Sunday, March 04, 2007

Debit or Credit ??

The three simple rules of Debit and Credit:
  1. Debit what comes in, Credit what goes out. (Real A/C)
  2. Debit the receiver, Credit the giver. (Personal A/C)
  3. Debit all expenses and loses, Credit all profits and gains. (Nominal A/C)
Real A/C : These include accounts like the cash a/c, furniture a/c, machinery a/c, etc.

Personal A/C : These include accounts for the proprietor, creditor, debtors, etc.

Nominal A/C : These include accounts for salary, interest, discounts, etc.

So far, so good. And I thought, oh that's easy. One look at point 1, and I went on to summarize that whatever is received by the account is debited, and whatever is taken out of the account is credited. I even went on to visualize a neat little cash box that a firm maintains on the part of each debtor, creditor, cash a/c, et. all. So when you put in the box, you do debit and when you take out you credit that account. And then wow! Then same visualization works for the second rule.

Just as I was thinking that this was going to be easy, up comes the third point. Whose account is it anyway?? Far as I could reason the expense/loss a/c cash box was always giving out things to others so it was always going to be in credit. But with no debit, there was little chance that the account was going to be balanced. Also need to consider that where does the money come in from. Phew! Things started going over my head.

Then somebody showed me the light of the day. My visualization while not completely wrong was misleading me. These accounts in accounting practice should not be treated as just money, as in cash. Treat them as they are, i.e. an entity called account, and they will behave fine. Waah! After all that hullabaloo about accounts being about money, about changing every possible transaction to talk in terms of money, my concepts were about to go up in smoke.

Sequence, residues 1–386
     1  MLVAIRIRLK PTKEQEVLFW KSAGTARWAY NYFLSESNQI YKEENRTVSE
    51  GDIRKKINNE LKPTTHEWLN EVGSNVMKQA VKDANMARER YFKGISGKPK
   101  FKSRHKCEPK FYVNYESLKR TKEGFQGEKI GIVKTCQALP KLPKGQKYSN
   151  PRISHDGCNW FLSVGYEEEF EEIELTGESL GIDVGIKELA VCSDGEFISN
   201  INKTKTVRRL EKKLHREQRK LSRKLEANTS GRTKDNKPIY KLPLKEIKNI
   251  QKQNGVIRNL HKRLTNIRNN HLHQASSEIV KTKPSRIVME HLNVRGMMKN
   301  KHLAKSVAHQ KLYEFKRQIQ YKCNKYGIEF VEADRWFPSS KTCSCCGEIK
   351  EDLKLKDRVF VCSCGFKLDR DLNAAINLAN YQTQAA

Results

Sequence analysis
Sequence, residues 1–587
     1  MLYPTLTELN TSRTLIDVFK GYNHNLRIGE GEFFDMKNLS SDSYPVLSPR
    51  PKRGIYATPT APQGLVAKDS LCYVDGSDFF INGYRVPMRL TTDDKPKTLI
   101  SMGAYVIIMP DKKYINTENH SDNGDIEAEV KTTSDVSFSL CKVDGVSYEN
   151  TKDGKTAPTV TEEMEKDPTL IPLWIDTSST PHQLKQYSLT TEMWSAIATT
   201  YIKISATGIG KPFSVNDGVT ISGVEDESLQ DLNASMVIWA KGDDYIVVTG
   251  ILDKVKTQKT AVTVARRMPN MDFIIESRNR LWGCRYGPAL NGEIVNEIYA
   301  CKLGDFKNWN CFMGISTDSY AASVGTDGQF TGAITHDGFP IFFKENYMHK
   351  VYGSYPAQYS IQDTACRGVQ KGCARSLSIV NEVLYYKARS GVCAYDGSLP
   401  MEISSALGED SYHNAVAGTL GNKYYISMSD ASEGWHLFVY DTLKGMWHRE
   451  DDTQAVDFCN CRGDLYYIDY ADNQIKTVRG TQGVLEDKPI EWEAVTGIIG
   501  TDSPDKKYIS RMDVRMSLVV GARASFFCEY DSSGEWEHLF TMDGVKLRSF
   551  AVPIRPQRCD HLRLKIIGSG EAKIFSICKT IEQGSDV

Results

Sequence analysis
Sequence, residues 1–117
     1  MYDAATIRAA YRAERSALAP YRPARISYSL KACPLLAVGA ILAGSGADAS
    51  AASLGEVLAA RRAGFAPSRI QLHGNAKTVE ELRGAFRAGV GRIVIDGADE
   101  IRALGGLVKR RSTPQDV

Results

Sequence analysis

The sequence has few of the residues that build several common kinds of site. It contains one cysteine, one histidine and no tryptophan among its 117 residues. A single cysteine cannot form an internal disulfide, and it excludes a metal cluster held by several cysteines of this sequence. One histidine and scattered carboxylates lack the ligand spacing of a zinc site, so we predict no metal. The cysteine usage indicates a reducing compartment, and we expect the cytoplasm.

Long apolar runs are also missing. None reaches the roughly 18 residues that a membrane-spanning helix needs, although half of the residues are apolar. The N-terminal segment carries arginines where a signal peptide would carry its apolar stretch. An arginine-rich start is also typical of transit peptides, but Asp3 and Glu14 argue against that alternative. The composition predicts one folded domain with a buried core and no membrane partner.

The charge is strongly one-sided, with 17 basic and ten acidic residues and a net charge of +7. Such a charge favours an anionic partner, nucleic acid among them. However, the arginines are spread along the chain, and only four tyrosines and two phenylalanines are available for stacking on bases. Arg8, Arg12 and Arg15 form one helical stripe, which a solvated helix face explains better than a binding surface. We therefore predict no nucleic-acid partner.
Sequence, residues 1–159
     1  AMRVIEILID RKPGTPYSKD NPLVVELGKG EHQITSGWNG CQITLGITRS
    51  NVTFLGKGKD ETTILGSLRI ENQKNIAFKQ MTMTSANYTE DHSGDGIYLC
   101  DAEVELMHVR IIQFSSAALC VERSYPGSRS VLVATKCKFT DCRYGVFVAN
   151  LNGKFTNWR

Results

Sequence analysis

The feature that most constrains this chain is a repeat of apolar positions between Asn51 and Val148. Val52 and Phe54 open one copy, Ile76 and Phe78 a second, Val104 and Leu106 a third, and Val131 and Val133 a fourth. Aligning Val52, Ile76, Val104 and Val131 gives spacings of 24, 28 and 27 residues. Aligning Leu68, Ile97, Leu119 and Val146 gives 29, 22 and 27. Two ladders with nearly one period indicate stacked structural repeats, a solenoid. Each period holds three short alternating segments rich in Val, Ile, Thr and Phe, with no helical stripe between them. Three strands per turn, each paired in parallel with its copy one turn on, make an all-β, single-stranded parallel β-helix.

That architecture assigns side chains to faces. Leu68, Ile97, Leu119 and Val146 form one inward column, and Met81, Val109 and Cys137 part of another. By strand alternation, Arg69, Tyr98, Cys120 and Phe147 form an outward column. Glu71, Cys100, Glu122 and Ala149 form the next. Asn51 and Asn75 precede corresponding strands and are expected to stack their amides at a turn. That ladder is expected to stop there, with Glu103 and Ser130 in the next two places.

And I came across this case:

"Interest charged by creditor XYZ Co. Ltd. Rs. 2000"

Hitting the roof was never easier earlier to this. How much ever way I tried to apply the three rules, or any combination thereof there was simply no way I could balance this. My explanation: Rs. 2000 paid as interest. So considering that there is an interest expense a/c I debited the account by the same amount according to rule three. Now I took a look at XYZ Co. and applying rule 2, I debited their a/c. Now wait! How is this going to be balanced?? When an a/c is debited another is to be credited, right?? But here both are being debited. That angel came to rescue with an explanation. You always treat the creditor (the debtor for that matter) as a liability. So when the creditor pays you money (which you are supposed to pay back), according to rule 2, the creditor goes into credit. Similarly, the interest that you are paying your creditor is a liability. It is a sum of money that you are supposed to pay your creditor, although the creditor has never actually paid you the amount. So, to show that the you owe such an additional sum to the creditor, you need to credit the creditor a/c with the additional amount to balance your books.

These concepts are supposed to be grasped by a student in the 11th grade studying in India. I started to wonder at that social notion that the Indian society attaches to a student taking up commerce/ accounts papers. It's as if they are the lower of the student fraternity. All bright students are supposed to take up science and become doctors or engineers. Far as I am concerned, this simple thing was no less than "Rocket Science". (been long since I used that phrase; the last time I remember having that feeling was when I read "Analysis of Mind" by Bertrand Russell)

I am just beginning to learn such concepts in finance. I maybe wrong or right. If you are reading it, keep that pinch of salt with you (Don't forget the lemon and the shot!)

Update: Found this site with an explanation of the Accounting Equation, which is what I have been talking about above. Good examples.